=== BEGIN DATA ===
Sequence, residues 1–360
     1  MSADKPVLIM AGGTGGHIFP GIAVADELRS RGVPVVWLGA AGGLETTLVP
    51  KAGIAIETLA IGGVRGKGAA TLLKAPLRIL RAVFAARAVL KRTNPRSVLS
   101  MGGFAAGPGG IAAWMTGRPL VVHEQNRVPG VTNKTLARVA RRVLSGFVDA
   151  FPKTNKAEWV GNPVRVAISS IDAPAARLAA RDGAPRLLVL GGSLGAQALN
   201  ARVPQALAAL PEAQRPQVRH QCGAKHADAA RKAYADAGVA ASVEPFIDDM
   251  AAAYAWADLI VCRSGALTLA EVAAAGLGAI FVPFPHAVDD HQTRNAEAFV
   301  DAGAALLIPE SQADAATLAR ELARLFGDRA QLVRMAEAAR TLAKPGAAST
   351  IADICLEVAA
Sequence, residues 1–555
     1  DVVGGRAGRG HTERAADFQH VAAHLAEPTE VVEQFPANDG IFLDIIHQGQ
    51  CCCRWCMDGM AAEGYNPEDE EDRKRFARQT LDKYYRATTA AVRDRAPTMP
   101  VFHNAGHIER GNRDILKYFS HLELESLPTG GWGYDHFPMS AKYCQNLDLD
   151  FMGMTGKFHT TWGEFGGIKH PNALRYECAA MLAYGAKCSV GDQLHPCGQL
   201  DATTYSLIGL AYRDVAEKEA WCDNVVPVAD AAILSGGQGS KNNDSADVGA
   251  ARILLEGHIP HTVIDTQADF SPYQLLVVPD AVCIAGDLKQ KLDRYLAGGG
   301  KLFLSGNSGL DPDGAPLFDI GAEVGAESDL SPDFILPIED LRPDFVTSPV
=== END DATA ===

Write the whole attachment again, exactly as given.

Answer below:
Sequence, residues 1–360
     1  MSADKPVLIM AGGTGGHIFP GIAVADELRS RGVPVVWLGA AGGLETTLVP
    51  KAGIAIETLA IGGVRGKGAA TLLKAPLRIL RAVFAARAVL KRTNPRSVLS
   101  MGGFAAGPGG IAAWMTGRPL VVHEQNRVPG VTNKTLARVA RRVLSGFVDA
   151  FPKTNKAEWV GNPVRVAISS IDAPAARLAA RDGAPRLLVL GGSLGAQALN
   201  ARVPQALAAL PEAQRPQVRH QCGAKHADAA RKAYADAGVA ASVEPFIDDM
   251  AAAYAWADLI VCRSGALTLA EVAAAGLGAI FVPFPHAVDD HQTRNAEAFV
   301  DAGAALLIPE SQADAATLAR ELARLFGDRA QLVRMAEAAR TLAKPGAAST
   351  IADICLEVAA
Sequence, residues 1–555
     1  DVVGGRAGRG HTERAADFQH VAAHLAEPTE VVEQFPANDG IFLDIIHQGQ
    51  CCCRWCMDGM AAEGYNPEDE EDRKRFARQT LDKYYRATTA AVRDRAPTMP
   101  VFHNAGHIER GNRDILKYFS HLELESLPTG GWGYDHFPMS AKYCQNLDLD
   151  FMGMTGKFHT TWGEFGGIKH PNALRYECAA MLAYGAKCSV GDQLHPCGQL
   201  DATTYSLIGL AYRDVAEKEA WCDNVVPVAD AAILSGGQGS KNNDSADVGA
   251  ARILLEGHIP HTVIDTQADF SPYQLLVVPD AVCIAGDLKQ KLDRYLAGGG
   301  KLFLSGNSGL DPDGAPLFDI GAEVGAESDL SPDFILPIED LRPDFVTSPV